EXTRA CREDIT is an education series that aims to provide a general overview of contemporary art and to demystify the field for those outside of the art world. It is ideal for anyone interested in learning more and for those looking to further engage with exhibitions and museums.
Land Art emerged in the 60s and 70s with the burgeoning ecology movement, as a way for artists to step out of the gallery system and make work directly in the land and within landscape. The surviving works from this period function as monuments to different approaches of thinking about the human relationship with land, and different ways in which art can function vis-a-vis the space it inhabits. This course will look at foundational Land Art from the 60s and 70s as well as contemporary site based works. It will unpack the categories of “art” and “monument” in situ, and look at the responsibilities of these forms to their spaces and their publics. It will also ask questions about permanence, durability, and change within public site based works.
This event is free and open to the public; register here.
KAITLIN POMERANTZ is a visual artist and educator based in Philadelphia. Her interdisciplinary work explores transitional landscape, land use, and the relationship between humans and nature. Pomerantz has recently participated in place-based residencies including Land Arts of the American West (Texas and South West USA), Cabin Time (Sierra Nevadas) and Lugo Land (Lugo, Italy). She has most recently shown work at Sierra Nevada College, Nevada; Texas Tech Museum, Lubbock, Texas; Fjord Gallery and Little Berlin, Philadelphia. Pomerantz was part of Philadelphia’s public art festival, Monument Lab, for which she did a project about stoops. Pomerantz is co- facilitator of the botanical arts project, WE THE WEEDS and an editor at Title Magazine. She received her BA in art history from University of Chicago, a post-baccalaureate certificate in painting from Pafa, and her MFA in interdisciplinary visual art from University of Pennsylvania. She has taught and lectured at Pafa, Moore College of Art, University of Pennsylvania and Haverford College.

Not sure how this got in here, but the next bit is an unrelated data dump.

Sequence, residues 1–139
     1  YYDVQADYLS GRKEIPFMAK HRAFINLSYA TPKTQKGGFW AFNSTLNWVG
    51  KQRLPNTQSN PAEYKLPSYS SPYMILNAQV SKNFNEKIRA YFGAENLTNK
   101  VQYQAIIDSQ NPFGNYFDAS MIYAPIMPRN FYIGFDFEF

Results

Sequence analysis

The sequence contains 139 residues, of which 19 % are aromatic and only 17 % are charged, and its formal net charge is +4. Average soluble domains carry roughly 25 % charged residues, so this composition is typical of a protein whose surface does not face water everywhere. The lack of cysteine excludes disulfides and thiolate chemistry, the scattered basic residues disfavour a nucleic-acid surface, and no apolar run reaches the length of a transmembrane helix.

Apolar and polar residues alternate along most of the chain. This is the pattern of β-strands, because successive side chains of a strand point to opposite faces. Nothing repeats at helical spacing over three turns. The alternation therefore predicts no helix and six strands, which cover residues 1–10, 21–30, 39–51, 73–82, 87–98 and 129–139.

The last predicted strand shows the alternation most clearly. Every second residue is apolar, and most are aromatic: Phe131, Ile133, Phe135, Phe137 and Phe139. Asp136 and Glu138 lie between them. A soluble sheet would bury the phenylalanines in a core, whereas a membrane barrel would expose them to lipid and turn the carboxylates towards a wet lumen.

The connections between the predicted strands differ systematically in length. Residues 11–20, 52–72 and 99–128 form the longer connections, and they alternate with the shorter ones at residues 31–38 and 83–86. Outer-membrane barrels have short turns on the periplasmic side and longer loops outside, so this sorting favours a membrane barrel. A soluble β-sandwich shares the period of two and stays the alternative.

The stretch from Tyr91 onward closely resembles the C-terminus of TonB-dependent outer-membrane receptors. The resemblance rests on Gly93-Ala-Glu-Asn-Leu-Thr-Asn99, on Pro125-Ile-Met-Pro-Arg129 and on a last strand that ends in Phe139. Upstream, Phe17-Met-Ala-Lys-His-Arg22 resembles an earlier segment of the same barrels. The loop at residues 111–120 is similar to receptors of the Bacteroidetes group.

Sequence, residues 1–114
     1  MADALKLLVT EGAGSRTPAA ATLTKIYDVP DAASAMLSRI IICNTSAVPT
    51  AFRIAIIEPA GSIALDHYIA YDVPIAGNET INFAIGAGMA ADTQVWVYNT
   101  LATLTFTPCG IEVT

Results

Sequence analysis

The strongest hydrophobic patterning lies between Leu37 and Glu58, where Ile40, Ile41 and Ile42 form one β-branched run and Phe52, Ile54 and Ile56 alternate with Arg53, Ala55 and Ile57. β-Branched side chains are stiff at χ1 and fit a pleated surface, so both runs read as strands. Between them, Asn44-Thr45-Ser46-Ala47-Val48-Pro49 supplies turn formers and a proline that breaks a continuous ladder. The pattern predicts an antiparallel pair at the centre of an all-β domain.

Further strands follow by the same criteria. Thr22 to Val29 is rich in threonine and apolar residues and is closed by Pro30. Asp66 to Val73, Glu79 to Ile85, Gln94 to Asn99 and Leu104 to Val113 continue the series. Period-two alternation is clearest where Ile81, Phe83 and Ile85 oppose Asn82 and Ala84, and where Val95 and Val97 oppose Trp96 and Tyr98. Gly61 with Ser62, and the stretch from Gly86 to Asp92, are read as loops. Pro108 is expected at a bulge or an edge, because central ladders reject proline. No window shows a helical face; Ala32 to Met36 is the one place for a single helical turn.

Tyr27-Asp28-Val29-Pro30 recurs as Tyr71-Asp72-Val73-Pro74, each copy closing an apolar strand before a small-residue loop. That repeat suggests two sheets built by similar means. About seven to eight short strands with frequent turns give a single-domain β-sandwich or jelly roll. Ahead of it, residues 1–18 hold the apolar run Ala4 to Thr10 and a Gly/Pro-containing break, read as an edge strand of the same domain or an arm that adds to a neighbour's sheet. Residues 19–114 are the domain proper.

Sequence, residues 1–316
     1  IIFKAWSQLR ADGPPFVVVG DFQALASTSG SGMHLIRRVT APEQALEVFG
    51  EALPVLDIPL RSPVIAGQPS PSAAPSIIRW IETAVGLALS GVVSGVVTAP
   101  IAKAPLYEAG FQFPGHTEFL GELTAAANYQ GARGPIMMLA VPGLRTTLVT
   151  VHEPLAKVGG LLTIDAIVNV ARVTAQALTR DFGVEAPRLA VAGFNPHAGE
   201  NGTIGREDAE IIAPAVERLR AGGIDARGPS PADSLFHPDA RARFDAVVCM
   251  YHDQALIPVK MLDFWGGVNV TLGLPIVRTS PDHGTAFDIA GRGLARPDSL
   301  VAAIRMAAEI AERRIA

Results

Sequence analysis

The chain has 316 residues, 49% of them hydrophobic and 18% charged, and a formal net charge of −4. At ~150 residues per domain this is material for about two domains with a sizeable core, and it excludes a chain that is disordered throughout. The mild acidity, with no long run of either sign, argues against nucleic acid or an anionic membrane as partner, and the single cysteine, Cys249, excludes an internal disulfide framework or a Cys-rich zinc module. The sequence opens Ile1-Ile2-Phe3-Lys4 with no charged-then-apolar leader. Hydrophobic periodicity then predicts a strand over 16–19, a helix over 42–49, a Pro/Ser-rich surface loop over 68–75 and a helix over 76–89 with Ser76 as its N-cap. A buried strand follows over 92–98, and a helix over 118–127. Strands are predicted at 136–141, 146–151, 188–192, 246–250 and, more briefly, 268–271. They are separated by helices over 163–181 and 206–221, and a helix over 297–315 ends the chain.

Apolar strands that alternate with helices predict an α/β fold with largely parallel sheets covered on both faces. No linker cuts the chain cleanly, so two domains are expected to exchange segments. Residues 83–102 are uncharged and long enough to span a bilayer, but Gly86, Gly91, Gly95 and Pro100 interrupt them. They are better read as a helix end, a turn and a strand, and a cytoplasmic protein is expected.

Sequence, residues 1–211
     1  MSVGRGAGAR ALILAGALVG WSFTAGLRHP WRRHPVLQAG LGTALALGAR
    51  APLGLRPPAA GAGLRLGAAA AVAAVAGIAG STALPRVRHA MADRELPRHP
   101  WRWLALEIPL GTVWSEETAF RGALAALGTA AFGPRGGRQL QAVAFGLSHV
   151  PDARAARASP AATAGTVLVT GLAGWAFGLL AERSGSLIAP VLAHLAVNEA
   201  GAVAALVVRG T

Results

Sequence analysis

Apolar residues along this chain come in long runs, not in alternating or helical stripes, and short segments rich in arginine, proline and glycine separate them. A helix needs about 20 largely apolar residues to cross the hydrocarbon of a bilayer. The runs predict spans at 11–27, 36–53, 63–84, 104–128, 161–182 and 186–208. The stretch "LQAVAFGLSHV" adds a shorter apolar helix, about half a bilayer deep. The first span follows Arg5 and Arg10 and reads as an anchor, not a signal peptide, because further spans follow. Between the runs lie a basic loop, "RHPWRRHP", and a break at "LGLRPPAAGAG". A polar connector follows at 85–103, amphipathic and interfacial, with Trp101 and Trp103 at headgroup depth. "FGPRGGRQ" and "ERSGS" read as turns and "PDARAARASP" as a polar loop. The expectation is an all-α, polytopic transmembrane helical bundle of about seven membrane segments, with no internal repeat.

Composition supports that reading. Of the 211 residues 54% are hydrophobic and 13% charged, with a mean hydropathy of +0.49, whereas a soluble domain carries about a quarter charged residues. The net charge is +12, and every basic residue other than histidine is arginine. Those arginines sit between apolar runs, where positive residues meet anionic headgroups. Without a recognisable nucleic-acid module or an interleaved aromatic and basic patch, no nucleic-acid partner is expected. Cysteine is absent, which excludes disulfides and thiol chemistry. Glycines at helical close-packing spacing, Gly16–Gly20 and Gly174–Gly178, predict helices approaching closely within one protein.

Public Engagement is supported by the Bernstein Public Engagement Fund.
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